In the aftermath of the financial crisis of 2008, far-reaching EPL reforms were adopted, particularly in Southern Europe (Bulfone and Tassinari, Reference Bulfone and Tassinari2020). Many of these reforms were responses to external pressures. To examine if these events drive our results, we included dummy variables for the financial crisis (1 = all cabinets in power in or after 2008, 0 = otherwise) and for Southern Europe (1 = Greece, Italy, Portugal, Spain, 0 = otherwise) and included them first separately and then together. Moreover, we created a variable that specifically picks up the effects of the financial crisis in Southern Europe (1 = Greece, Italy, Portugal, Spain in and after 2008, 0 = otherwise). Controlling for these effects does not change our results either (Online Appendix 13). Moreover, we included period dummies and a time trend variable to test whether there are more general period-specific developments or a general time trend towards liberalisation. Results turn out to be robust, too (Online Appendix 14). Finally, we include country fixed effects. Unsurprisingly, our partisan variables drop below standard levels of statistical significance (Online Appendix 15). As argued above, however, including country dummies shifts the focus of the research away from what we are interested in.

Regarding control variables, we find β-convergence, that is, a process of catch-up (or catch-down) in which countries with high (low) levels of employment protection liberalize most (least or even regulate more). Similarly, countries with strong economic growth feel less of a need to deregulate temporary employment contracts (hence a positive sign). Economic globalization also keeps governments from deregulating atypical jobs, which is surprising as the coefficient thus flips its sign compared with the regressions on EPL levels in 1985. Similarly, we find that the sign of the coefficient of unemployment has turned around compared with our cross-section regressions above, although it is only significant when we use the composite index as the dependent variable. This finding suggests that governments have abandoned EPL as a solution to the problem of unemployment and might even have started to believe that EPL is part of the problem.

Studying various aspects of EPL separately also produces interesting findings with regard to strikes and union density. For union density, we find a pattern that is consistent with an insider–outsider interpretation (Rueda, Reference Rueda2007; Davidsson and Emmenegger, Reference Davidsson and Emmenegger2013). Most importantly, even encompassing unions with a comparatively large membership do not seem to consider the interests of labour market outsiders as the coefficient of union density is significantly negative for EPL for atypical employment.Footnote 21 Moreover, strikes seem to trigger a deregulation of EPL for regular employment.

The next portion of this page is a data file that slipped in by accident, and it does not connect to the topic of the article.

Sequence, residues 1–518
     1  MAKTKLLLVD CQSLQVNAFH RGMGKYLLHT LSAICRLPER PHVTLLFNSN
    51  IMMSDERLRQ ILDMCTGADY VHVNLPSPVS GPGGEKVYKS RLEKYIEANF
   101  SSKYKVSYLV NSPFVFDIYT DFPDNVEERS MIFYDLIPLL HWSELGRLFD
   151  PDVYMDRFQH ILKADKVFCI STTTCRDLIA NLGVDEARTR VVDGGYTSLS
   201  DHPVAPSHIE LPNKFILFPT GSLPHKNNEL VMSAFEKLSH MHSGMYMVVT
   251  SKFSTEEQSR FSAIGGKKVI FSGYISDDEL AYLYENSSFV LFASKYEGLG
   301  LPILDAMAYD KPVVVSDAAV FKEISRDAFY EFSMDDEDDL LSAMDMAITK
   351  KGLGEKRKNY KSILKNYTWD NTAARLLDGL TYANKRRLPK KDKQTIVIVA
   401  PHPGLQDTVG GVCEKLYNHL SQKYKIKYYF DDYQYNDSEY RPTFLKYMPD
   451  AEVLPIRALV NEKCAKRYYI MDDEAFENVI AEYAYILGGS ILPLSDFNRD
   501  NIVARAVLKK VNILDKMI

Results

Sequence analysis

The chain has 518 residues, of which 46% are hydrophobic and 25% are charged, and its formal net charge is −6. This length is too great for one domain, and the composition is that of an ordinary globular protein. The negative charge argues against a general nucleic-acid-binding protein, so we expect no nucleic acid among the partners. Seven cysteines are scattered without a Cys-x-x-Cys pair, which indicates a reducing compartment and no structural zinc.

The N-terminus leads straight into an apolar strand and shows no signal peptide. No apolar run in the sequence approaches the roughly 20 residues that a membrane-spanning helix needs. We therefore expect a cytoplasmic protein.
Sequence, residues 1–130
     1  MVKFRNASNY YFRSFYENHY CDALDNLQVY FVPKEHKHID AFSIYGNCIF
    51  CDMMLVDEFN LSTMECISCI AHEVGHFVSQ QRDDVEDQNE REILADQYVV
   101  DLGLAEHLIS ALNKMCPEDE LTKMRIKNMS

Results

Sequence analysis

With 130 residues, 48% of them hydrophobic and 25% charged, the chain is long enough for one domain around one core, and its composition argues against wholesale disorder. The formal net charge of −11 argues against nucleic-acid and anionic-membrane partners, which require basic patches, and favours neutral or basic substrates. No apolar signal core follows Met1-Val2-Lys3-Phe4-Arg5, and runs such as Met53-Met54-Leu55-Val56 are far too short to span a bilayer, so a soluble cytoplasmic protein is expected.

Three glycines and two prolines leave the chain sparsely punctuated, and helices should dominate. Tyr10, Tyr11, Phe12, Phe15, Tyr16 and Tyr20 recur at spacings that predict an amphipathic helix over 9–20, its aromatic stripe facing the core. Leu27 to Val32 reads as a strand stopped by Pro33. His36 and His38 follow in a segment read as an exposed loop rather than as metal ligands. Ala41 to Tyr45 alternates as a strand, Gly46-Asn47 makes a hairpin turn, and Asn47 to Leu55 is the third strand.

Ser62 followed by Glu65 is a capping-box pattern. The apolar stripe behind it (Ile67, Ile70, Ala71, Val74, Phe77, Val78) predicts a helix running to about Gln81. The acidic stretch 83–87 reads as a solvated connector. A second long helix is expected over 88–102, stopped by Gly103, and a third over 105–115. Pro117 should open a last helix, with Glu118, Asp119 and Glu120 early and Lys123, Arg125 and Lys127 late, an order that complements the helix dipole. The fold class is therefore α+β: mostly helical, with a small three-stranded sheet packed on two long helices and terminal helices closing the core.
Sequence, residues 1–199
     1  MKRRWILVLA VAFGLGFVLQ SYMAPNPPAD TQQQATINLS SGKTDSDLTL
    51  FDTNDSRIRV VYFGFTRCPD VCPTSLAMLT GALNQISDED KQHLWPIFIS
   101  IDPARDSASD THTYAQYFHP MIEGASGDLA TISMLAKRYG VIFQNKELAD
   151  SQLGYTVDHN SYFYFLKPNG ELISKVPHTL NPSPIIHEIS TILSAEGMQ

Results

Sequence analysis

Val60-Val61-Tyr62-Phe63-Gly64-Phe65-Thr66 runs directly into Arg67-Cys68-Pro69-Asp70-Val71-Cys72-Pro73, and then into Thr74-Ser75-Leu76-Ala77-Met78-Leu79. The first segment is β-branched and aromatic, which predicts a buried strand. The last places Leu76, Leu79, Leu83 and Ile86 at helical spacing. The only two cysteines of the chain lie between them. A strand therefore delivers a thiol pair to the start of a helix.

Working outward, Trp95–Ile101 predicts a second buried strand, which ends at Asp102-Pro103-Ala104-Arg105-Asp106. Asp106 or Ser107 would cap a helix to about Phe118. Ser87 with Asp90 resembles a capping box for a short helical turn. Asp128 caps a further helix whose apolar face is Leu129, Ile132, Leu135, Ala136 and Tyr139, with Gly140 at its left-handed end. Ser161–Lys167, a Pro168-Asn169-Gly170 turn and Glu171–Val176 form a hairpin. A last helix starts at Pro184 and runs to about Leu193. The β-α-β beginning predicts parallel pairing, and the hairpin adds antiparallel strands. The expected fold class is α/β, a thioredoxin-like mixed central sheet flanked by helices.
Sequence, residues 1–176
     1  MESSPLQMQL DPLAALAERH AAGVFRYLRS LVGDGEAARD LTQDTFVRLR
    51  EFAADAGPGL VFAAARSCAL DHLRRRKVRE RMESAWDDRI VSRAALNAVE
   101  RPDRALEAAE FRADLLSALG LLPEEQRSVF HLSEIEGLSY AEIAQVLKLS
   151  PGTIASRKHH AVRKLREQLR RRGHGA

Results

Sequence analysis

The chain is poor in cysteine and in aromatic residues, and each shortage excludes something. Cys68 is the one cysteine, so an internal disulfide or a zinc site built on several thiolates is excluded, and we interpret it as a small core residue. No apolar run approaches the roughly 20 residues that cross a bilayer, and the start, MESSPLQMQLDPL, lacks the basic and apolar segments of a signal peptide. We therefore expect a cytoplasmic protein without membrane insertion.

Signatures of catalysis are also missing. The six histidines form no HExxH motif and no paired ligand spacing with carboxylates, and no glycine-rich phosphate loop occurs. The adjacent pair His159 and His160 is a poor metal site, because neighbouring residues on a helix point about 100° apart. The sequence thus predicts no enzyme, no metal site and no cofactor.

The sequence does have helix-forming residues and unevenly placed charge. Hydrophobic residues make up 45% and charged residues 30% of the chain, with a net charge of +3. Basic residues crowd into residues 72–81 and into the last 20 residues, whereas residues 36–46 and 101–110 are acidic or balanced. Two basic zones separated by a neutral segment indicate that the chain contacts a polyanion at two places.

Conclusion

Our empirical analysis shows that parties have strongly shaped the level of EPL during the golden age. More importantly, not only Social democrats have adopted high levels of EPL; the same is true for Christian democrats, which have been ignored in most previous contributions. Interestingly, we find these partisan differences for regular as well as temporary employment and they are very robust and are not conditioned by unemployment.

There has been a dramatic change since the mid-1980s. Unconditional partisan effects have weakened substantially or even disappeared when we look at changes in employment protection between 1985 and 2019. While we find that SDs liberalize less when it comes to regular employment, as insider–outsider theory would predict, our interaction models show that this positive SD effect is limited to situations with low unemployment. As unemployment increases, SDs stop protecting labour market insiders more than other parties and at very high levels of unemployment, we even find that they liberalize EPL for regular employment more than other parties.

The pattern for temporary employment is somewhat similar with significantly higher levels of EPL at low levels of unemployment and the vanishing of this effect as unemployment rises. Hence, SDs have also responded to high unemployment by liberalizing EPL for atypical employment. This is shown in case studies of Sweden (Murhem, Reference Murhem2012) and Germany (Baccaro and Benassi, Reference Baccaro and Benassi2017), for example. It is important to note, however, that SD have not liberalized EPL for temporary employment more than other parties.

So our findings somewhat go against what insider–outsider theory would predict: According to our findings SD are clearly not the agents of labour market insiders and the parties responsible for labour market dualisation. What could account for this finding?

There are at least three possible explanations. First, the electoral relevance of insider voters for SDs may differ quite substantially between countries. One could therefore argue that only SDs with a relatively large share of insider voters should have an incentive to protect these voters while SDs with a small insider voter base have no reason to differ from other parties with regard to EPL for regular employment (for a similar argument, Bürgisser and Kurer, Reference Bürgisser and Kurer2019). We have empirically tested this possibility. The results in Online Appendix 17 are not particularly conclusive, however, probably due to the lower number of cases.Footnote 22 On the one hand, the result that SDs with many insider voters liberalize EPL for regular employment less at medium levels of unemployment could be regarded as corroboration of the argument that the composition of the electorate matters. On the other hand, however, this argument is difficult to square with the finding that SDs with few outsider voters liberalize EPL for regular employment more than everybody else at medium levels of unemployment. Moreover, all other marginal effects plots suggest that the composition of the electorates of SDs does not matter.Footnote 23